A common farm chemical possibly made into baits is believed to be behind the mass deaths of protected sulphur-crested cockatoos in Tatong, near Benalla.
More than 250 of the birds died in January and February, prompting calls to wildlife officers from the Department of Environment, Land, Water and Planning.
DELWP senior forests investigator Greg Chant said testing of samples from the dead birds indicated they had died from omethoate poisoning.
‘‘Omethoate is a common farm chemical used to protect crops from red-legged earth mites,’’ he said.
‘‘It’s possible omethoate was illegally used to create a homemade bait, which the birds ate.’’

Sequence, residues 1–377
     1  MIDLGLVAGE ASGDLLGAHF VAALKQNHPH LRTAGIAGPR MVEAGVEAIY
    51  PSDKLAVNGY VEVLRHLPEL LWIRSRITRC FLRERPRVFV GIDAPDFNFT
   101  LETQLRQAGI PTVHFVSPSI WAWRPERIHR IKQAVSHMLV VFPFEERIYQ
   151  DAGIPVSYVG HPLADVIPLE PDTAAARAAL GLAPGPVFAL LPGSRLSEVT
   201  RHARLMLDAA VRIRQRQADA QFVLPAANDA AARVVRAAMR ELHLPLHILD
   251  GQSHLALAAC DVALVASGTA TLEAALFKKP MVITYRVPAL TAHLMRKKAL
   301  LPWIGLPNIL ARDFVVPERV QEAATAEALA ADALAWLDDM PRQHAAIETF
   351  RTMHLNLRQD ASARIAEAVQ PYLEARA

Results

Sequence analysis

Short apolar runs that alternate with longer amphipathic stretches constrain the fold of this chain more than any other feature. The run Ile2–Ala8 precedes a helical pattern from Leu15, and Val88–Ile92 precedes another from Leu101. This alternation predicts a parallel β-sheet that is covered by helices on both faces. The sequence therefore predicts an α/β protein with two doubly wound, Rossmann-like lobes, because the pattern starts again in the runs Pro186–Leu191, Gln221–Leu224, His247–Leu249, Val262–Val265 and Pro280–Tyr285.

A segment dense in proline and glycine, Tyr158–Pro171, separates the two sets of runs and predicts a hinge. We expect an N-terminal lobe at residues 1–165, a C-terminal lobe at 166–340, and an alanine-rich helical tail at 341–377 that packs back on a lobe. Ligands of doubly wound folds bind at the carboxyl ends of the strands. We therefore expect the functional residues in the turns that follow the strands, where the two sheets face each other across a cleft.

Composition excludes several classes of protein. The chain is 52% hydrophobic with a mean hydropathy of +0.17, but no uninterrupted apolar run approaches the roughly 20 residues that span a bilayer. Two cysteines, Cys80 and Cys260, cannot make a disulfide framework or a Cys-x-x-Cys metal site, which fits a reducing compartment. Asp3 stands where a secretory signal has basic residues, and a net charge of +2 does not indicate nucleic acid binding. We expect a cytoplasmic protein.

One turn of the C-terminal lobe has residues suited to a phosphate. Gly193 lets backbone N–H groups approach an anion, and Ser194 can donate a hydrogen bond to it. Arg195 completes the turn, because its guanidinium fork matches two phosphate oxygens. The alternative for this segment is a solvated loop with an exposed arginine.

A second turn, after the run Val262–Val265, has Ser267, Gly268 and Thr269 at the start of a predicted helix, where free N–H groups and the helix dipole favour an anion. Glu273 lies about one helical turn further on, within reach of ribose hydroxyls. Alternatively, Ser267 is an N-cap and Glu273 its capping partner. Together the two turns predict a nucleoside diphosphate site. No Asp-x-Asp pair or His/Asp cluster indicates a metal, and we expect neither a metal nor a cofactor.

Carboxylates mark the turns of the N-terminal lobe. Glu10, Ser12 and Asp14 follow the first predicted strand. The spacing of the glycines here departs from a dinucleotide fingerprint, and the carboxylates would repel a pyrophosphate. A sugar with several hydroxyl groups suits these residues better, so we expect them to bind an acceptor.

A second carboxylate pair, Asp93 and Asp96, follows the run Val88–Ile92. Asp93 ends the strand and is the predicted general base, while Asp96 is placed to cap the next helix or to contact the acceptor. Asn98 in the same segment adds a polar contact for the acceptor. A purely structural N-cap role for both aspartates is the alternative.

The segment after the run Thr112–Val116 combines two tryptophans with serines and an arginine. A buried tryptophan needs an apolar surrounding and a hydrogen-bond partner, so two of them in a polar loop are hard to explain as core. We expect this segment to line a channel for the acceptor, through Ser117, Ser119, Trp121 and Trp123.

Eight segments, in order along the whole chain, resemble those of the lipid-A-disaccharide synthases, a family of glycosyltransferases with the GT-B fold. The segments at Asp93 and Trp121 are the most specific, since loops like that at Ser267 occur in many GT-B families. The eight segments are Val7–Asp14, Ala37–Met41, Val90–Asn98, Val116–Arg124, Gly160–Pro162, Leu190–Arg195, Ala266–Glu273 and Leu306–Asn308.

The cockatoos are protected under the Wildlife Act and there are significant penalties, including imprisonment, for hunting, taking or destroying protected species.
It is also illegal to make bait products without appropriate authorisation, Mr Chant said.
‘‘The incident highlights that using chemical products in an illegal way poses an unacceptable risk to wildlife,’’ he said.
‘‘It is unclear if the birds were deliberately poisoned or not, but illegally destroying protected native wildlife is a serious environmental crime.’’
The department is looking for the person responsible and anyone with information can make anonymous calls to the department on 136186 or Crime Stoppers on 1800300000.